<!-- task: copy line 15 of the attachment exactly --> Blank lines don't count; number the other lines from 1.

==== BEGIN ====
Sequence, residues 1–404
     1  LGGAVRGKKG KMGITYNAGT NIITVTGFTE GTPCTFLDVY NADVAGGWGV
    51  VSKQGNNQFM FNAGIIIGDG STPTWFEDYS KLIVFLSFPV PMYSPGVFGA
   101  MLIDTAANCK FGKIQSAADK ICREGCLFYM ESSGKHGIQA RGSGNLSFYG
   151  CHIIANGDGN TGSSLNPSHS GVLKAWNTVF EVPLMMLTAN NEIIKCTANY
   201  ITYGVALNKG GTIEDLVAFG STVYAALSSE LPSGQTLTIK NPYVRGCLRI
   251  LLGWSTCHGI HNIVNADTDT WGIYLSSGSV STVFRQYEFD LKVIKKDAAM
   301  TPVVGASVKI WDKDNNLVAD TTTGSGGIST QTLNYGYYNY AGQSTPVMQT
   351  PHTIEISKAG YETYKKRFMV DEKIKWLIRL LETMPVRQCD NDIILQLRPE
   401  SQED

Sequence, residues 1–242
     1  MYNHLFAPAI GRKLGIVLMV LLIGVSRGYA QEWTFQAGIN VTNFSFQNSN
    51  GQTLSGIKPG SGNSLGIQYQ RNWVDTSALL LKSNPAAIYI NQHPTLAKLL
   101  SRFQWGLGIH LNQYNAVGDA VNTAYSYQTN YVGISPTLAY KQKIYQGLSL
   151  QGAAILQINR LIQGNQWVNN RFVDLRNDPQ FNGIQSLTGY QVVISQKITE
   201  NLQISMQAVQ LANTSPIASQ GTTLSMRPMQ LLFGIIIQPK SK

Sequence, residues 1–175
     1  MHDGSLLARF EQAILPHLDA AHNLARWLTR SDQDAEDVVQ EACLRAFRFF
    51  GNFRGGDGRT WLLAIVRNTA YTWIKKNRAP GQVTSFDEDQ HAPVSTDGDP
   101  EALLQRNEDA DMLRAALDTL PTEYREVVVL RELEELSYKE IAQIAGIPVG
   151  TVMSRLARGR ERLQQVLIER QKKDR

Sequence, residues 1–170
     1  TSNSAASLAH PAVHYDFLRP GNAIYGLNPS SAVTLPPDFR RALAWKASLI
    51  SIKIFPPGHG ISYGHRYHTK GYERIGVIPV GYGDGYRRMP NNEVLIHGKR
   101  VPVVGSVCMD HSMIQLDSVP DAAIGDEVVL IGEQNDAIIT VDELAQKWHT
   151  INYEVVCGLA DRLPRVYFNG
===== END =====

   151  QGAAILQINR LIQGNQWVNN RFVDLRNDPQ FNGIQSLTGY QVVISQKITE